A coalition of environmental groups and Native American tribes is asking officials to overhaul federal mining standards ahead of new uranium mining near the Grand Canyon.
The groups, a collection that includes local tribes and conservation organizations like the Grand Canyon Trust, petitioned four agency heads on Tuesday asking for changes to rules governing mining on federal lands.
The request comes months after a federal judge cleared an energy company to begin mining for uranium near the Grand Canyon in Arizona years after the company abandoned its original mining plans there. The groups warned that such “zombie mines” — those re-opened after periods of inactivity — could have a negative impact on public health or the environment.
New standards are especially necessary, the groups argued, in light of this month's toxic waste spill triggered by a clean-up crew at an abandoned mine in Colorado.
“The Animas River disaster must mark the end of the days where irresponsible mining threatens our region’s livable future,” Anne Mariah Tapp, the energy program director for the Grand Canyon Trust, said in a statement.
“Our coalition’s petition provides the federal agencies with a reasonable path forward that will benefit western communities, taxpayers, water resources, and our most treasured landscapes.”
Among the groups’ suggestions: limiting mining approvals to 20-year intervals, instituting a new environmental review process for mines that have been inoperative for at least 10 years, requiring federal inspections of those mines and setting deadlines for reclaiming them and monitoring water quality there.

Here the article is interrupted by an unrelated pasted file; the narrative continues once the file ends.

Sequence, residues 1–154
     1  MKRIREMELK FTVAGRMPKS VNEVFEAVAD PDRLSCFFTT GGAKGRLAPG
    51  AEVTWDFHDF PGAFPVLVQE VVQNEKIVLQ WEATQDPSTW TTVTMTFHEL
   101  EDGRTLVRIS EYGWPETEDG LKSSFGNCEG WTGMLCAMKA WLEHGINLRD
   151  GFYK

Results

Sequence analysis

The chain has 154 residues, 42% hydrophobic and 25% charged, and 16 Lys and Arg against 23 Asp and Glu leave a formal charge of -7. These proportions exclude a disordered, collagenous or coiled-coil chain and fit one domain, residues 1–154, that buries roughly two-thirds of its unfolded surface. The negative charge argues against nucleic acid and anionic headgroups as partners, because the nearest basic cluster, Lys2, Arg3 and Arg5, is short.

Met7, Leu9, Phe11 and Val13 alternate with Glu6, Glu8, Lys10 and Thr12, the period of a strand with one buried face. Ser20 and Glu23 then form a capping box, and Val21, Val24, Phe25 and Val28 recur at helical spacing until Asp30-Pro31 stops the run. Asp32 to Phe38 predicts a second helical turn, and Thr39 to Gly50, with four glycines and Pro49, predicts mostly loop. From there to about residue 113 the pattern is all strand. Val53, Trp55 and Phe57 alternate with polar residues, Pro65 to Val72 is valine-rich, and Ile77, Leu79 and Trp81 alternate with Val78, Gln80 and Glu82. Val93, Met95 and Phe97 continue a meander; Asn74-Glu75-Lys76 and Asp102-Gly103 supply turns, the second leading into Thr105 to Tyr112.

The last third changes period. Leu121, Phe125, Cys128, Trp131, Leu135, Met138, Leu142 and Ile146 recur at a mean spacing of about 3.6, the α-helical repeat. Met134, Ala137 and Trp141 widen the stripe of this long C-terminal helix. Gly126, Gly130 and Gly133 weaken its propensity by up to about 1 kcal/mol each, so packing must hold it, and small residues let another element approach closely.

New regulations, the groups said, would make operators, rather than the government, responsible for ensuring safety at the mines.
“We know that [Bureau of Land Management] and the Forest Service have too few resources for too many tasks,” the groups said in a letter to the agency heads. “That is why, under our proposal, the burdens to apply for permit renewals, and to provide better and more timely information regarding temporary closures and re-openings, would fall primarily on operators.”
The letter comes as Energy Fuels Inc. gears up to begin mining for uranium at Arizona’s Canyon mine. Conservation groups and a Native American tribe had challenged the U.S. Forest Service’s 2012 decision to allow mining there, but a federal judge rejected their argument and approved the company’s plans in April.
The petition went to the secretaries of Interior and Agriculture, the director of the Bureau of Land Management and the Forest Service chief.